A partial lunar eclipse occurs when the Earth moves between the sun and the moon, but they do not form a perfect line. As a result, only a part of the moon is covered by the Earth’s shadow.
- Jupiter at opposition (November 3)
During this time, the sun, Earth, and Jupiter align in a straight line, with Earth being the middle object. This alignment is known as “opposition” because Jupiter appears opposite the sun from our perspective on Earth. The planet will rise in the east as the sun sets, enabling it to be visible the entire night.
- Taurids Meteor Shower (November 4 — 5)
The Taurids are known for their fireballs, which are large explosions of light and color that can persist longer than an average meteor streak. This is because Taurid meteors are made up of larger particles of debris. However, it’s worth noting that the Taurids is a long-running minor meteor shower that typically only produces about five to 10 meteors per hour. Despite the lower frequency, the spectacle of seeing a Taurid fireball can make the wait worthwhile.
- New moon on the same day Uranus is at opposition (November 13)
This is the best time to view and photograph Uranus. The skies will be darker due to the new moon, providing an excellent backdrop for viewing the planet. However, even at its brightest, Uranus is just barely visible to the naked eye under perfect conditions, and seeing it requires a very dark sky away from city lights as well as a telescope or a good pair of binoculars.
- Leonids Meteor Shower (November 17-18)
The Leonids Meteor Shower is active between November 3 and December 2 but is expected to peak on the nights of November 17 and 18. This shower is known for its fast meteors and can produce up to 15 per hour during its peak. However, in some years, it can bring an outburst of up to 250 meteors. For stargazers, this means a spectacular display of shooting stars that can be observed without special equipment. The best time to watch the Leonids is late on the night of November 17 until dawn the following morning.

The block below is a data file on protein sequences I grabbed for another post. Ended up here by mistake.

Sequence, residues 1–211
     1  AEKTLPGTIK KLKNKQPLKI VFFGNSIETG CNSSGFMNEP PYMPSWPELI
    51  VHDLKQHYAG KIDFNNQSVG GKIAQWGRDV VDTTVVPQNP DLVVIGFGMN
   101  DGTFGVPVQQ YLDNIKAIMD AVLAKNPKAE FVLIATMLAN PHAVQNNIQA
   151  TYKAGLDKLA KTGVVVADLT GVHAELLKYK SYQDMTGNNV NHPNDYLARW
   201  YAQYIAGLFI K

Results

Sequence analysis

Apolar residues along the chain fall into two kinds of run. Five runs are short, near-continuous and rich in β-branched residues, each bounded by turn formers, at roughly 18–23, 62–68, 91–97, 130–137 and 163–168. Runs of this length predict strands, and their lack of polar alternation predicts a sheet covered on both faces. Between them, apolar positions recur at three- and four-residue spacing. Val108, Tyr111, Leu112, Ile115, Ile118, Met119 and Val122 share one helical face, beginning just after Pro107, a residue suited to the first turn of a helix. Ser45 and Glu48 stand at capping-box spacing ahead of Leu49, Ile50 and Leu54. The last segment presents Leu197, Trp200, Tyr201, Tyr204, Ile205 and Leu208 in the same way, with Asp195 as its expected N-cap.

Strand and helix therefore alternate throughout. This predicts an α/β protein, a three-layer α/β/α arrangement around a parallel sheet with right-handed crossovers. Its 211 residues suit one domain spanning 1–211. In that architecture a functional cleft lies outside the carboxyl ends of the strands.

- Full moon (November 27)
- Mercury at greatest eastern elongation (December 4)
This is one of the few times when Mercury, which is often difficult to observe due to its close proximity to the sun, becomes more easily visible in the sky. During this period, Mercury can be seen low in the sky just after sunset, making it a prime time for observation.
- Full moon (December 12)
- Geminids Meteor Shower (December 13 –14)
This shower gets its name due to how the meteors seem to radiate from the constellation Gemini. It peaks between December 14 and 15, and on a very clear night, it can produce up to 150 shooting stars. It also occurs during a new moon phase, which means a moonless night that makes it easier to see meteors as they pass.
- Ursids Meteor Shower to wrap up the year (December 21 — 22)
This meteor shower coincides with the Winter Solstice and is often the last stargazing event of the year. The Ursids provide a beautiful spectacle, with shooting stars that can be seen without equipment. While it’s not as well-known or as prolific as other major meteor showers, the Ursids can still offer a rewarding experience for those willing to brave the winter night.
- Quadrantids Meteor Shower (January 3 — 4)
This is often one of the strongest meteor showers of the year, capable of showcasing up to 120 meteors per hour at its peak. The Quadrantids are active between December 27 and January 12, but the peak is usually quite narrow, lasting only a few hours. This makes the timing of the viewing crucial. In 2024, the peak is set for around 4:00 AM EST on January 4.
- New moon (January 11)
- Mercury at greatest western elongation (January 12)
- Full moon (January 25)
- New moon (February 9)
- Full moon (February 24)
- New moon (March 10)
- March Equinox (March 20)
This event marks the beginning of spring in the Northern Hemisphere and is characterized by equal hours of day and night.
- Mercury at greatest eastern elongation (March 24)
- Full moon (March 25)
- Penumbral lunar eclipse (March 25)
A penumbral lunar eclipse is a celestial event that occurs when the moon passes through the faint, outer part of Earth’s shadow, known as the penumbra. During this type of eclipse, the moon doesn’t darken completely like in a total lunar eclipse. Instead, it only slightly dims and often goes unnoticed by the casual observer. It’s subtle and very difficult to observe, which makes it fascinating for stargazers and astronomy enthusiasts who enjoy the challenge of spotting elusive events.